Sounding the death knell for mandatory ride-sharing programs, Gov. Pete Wilson has signed an Orange County lawmaker's bill that eliminates requirements on businesses to promote car-pooling.
The measure authored by Sen. John Lewis (R-Orange) eliminates that aspect of Regulation 15, the omnibus air pollution measure approved by the South Coast Air Quality Management District in 1987.
"Gov. Wilson has delivered a huge victory for businesses and workers throughout California," Lewis said Thursday after learning that the measure had been signed. "Employee ride-sharing mandates are now costing California businesses hundreds of millions of dollars. It's time to rid our state of this costly and failed experiment."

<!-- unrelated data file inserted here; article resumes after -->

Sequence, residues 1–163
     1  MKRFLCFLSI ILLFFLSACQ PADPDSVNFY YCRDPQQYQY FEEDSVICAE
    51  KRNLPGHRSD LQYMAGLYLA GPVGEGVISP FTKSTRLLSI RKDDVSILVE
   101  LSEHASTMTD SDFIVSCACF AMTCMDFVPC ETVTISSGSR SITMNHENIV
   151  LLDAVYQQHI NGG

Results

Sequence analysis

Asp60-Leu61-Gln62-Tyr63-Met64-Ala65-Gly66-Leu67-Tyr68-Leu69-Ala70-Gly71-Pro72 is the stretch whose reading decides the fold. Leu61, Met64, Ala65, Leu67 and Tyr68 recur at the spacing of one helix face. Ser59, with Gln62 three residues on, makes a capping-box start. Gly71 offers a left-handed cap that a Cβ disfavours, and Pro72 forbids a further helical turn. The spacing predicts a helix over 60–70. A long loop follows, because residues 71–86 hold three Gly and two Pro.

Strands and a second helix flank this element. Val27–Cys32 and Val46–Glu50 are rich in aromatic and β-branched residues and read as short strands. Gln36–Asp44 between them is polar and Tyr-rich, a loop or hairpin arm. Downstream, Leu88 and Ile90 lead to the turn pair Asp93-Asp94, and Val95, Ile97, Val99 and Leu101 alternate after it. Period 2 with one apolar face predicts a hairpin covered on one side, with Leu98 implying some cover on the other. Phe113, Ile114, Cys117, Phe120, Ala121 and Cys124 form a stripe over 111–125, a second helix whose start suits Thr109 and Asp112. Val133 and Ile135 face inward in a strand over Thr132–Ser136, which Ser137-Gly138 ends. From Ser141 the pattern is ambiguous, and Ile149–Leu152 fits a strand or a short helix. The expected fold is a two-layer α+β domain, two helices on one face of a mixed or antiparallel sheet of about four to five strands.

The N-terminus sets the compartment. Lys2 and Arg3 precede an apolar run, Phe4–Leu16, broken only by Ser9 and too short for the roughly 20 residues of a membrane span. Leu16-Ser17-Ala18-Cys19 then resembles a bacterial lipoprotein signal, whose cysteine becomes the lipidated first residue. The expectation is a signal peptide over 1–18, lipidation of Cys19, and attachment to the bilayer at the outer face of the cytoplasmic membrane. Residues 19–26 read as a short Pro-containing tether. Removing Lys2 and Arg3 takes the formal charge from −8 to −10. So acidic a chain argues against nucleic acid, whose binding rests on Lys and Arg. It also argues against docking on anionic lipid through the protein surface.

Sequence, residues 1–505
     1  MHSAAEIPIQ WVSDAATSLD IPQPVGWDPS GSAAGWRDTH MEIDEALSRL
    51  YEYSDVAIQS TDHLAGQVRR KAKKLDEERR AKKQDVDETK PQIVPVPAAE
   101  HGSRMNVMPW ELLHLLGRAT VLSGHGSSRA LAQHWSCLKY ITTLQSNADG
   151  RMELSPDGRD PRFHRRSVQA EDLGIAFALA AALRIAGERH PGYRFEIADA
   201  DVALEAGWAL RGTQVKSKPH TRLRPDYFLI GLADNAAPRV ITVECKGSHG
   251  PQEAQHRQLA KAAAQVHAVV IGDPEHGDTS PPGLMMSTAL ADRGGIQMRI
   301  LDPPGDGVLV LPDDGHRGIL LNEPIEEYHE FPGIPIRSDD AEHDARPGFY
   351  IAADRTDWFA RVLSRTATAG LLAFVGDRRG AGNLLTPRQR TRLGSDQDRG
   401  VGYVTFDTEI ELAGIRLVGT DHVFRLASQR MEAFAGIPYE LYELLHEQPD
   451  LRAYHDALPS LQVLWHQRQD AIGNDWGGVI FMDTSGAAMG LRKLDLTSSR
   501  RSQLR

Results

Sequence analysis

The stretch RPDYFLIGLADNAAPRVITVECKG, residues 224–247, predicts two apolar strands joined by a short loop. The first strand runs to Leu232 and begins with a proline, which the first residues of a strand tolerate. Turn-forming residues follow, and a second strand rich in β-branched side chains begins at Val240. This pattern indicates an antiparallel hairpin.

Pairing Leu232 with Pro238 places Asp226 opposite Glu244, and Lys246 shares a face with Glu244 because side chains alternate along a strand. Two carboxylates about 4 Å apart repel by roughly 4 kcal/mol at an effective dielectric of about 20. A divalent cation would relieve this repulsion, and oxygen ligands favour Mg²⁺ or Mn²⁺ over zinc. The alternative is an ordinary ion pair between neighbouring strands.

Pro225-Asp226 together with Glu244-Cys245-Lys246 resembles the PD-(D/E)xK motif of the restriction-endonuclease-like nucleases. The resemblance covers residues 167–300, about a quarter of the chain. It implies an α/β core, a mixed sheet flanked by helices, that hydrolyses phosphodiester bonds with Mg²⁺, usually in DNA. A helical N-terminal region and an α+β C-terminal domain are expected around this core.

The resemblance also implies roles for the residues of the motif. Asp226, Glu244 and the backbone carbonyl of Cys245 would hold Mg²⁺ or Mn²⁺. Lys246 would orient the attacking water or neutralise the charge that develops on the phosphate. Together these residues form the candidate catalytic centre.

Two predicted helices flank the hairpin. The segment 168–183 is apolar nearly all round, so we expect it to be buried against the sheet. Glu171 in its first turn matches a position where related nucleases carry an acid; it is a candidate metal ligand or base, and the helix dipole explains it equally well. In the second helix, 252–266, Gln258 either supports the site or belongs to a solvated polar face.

Officials at the AQMD, which did not oppose the measure, said that elimination of the ride-sharing requirements illustrates the agency's shifting philosophy about how to tackle air pollution. The AQMD governing board in recent years shifted from a avid pro-environment bent to a more business-friendly group of conservatives intent on undoing mandates deemed as social engineering of the worst sort.
"In the past, we have opposed these kinds of bills," said Claudia Keith, a spokeswoman for the agency. "But we have been working to put alternatives in place for employers. This has probably been our most disliked regulation."
Keith said that environmentalists, who have for years been at odds with conservatives over efforts to ratchet down Regulation 15, have been supportive of bills by Lewis and other lawmakers to limit the controversial air pollution policy.
Lewis' bill will eliminate all mandatory ride-sharing regulations in California unless the federal government specifically requires them and threatens sanctions.